Note that for this tallying method to work the voting tokens must be specialized items, finely crafted to be inflexible and equally thick. And even then, it would be quite unwieldy with more than a hundred of voters ...

Practicability apart, it effectively makes for 20 silent seconds of suspence!

(GRRM's original idea of using common objects seems much simpler and more appropriate to the setting, in my idea)

... or is it rooted in history?

As DavidW wrote, a method of vote by placing different tokens in an urn was used in ancient Greece.

The books also have another aspect with a counterpart in the real world: after a few voting sessions end without electing a new Lord Commander, Stannis' soldier bar the door of the hall, so that the members of the Black Watch are forced to vote and vote again without any chance to eat, until a new Commander is finally elected. This is similar to what happened during the 1268–1271 papal election, when after many inconclusive votes the electors were given only bread and water, and the palace roof was removed.

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    ...which is precisely the way votes were done in Athens with white pebbles (for/yes) and black pebbles (against/no) dropped into urns and counted. – DavidW Nov 1 '19 at 18:05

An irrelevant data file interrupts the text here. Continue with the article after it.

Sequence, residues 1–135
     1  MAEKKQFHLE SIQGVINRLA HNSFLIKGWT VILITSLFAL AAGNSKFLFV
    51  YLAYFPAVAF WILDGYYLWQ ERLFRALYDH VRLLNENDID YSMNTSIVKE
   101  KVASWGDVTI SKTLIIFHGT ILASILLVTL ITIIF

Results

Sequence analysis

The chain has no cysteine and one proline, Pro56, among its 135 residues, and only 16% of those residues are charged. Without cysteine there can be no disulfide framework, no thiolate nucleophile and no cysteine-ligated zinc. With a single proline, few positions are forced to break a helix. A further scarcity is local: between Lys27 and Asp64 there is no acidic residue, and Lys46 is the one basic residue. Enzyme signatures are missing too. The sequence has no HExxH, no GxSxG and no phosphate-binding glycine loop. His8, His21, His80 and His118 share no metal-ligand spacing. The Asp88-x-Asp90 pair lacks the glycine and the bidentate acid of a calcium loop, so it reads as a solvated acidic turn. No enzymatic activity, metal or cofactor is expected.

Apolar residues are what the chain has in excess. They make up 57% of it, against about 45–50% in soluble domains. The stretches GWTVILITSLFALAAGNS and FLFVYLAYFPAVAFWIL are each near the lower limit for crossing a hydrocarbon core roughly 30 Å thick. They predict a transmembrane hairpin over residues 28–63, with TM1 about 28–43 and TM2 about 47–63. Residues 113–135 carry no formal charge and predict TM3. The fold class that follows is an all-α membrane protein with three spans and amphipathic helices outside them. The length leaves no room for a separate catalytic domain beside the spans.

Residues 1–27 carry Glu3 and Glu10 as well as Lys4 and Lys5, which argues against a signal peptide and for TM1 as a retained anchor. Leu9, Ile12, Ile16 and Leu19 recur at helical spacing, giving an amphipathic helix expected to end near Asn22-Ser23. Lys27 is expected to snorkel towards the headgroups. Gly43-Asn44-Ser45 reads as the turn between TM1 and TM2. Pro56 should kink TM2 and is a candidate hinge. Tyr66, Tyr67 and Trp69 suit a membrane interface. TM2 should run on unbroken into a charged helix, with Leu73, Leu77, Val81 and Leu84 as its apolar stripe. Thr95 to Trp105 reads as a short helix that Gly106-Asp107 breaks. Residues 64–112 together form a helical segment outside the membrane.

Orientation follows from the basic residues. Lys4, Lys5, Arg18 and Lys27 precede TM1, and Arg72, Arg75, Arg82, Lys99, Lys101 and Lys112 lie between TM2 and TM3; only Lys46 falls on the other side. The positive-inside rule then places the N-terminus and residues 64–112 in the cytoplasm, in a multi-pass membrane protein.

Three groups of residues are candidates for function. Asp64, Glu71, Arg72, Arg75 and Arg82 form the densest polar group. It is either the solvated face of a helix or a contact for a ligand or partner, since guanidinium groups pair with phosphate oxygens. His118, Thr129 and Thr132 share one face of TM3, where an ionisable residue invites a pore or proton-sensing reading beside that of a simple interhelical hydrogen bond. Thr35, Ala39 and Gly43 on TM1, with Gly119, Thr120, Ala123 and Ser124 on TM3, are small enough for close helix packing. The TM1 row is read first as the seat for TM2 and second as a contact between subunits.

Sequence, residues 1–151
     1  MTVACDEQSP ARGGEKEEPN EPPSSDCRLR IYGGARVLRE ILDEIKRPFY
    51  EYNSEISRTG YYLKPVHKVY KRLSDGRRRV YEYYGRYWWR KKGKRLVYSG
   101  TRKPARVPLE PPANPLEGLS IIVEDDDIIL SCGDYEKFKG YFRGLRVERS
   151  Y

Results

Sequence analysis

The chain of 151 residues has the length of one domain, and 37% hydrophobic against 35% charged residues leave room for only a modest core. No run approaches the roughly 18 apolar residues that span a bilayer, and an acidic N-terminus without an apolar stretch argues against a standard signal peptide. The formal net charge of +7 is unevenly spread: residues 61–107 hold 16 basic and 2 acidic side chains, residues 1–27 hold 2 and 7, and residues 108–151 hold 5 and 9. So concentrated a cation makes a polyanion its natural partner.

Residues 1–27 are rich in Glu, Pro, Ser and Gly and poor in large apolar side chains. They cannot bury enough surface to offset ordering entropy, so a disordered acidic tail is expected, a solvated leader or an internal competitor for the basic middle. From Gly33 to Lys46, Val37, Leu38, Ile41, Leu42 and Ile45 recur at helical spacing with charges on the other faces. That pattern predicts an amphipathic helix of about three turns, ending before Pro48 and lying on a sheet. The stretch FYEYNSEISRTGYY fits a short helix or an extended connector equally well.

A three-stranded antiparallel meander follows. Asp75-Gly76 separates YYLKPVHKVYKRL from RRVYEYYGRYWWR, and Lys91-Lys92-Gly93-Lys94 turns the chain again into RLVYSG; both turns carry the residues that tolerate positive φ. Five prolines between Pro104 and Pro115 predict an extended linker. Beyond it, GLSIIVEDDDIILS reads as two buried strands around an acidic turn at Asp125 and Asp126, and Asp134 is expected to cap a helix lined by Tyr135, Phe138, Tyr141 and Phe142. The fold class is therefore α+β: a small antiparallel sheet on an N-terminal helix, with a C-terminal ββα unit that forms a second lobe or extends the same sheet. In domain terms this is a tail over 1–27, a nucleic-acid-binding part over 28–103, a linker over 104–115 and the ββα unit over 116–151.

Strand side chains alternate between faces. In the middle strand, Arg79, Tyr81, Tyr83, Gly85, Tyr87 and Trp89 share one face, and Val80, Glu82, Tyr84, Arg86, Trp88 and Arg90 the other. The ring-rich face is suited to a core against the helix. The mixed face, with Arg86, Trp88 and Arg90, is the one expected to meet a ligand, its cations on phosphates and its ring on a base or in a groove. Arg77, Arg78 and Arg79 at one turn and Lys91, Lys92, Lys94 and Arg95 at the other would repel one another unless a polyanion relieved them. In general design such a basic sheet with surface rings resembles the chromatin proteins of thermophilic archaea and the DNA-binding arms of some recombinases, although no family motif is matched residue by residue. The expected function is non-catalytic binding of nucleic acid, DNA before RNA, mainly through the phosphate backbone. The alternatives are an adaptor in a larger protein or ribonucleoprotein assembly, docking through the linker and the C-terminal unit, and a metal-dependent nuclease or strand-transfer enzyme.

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    Thanks for the clarification. The book's method then still involves counting. I'm interested in the show's version which uses the "quick visual clue." – LShaver Nov 1 '19 at 19:08
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    @LShaver: Seems historically unlikely. The TV method very much rings of "invented for TV" where the upside is the quick visual (big advantage for TV or movies), and the downside is requiring modern manufacturing tolerances to get the right result, as this answer points out. Tokens that last years without wearing down or warping would be hard to make. – Peter Cordes Nov 2 '19 at 9:43
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I suspect this is based on historical Greek voting by means of pebbles:

Voting between Odysseus and Ajax

In this depiction the piles are open, but in Athenian votes the pebbles were deposited in urns. The depiction may be artistic license, but is clearly the same idea; creating separate piles for each.

Possibly that depiction in combination with the voting tokens used in trials:

For jury trials and some legislation, they used a type of secret ballot: Each citizen received two bronze tokens, one with a hollow axle, one with a solid axle. The tokens represented votes for or against a certain proposition or defendant. Their size and design made it easy to cover the end of the axle with the thumb while voting, thus concealing the nature of the vote.

Source

So we have piles of counters in the one case, and distinct tokens, some of which are ring-shaped, in the other case, and the combination seems to follow.

Note: As pointed out in the other answer, this is not how voting was done in the books; I'm only answering the question of the inspiration for the depicted voting mechanism.

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    This still involves counting. I'm more interested in the visual aspect of it -- I'm going to clarify the question a bit. – LShaver Nov 1 '19 at 19:07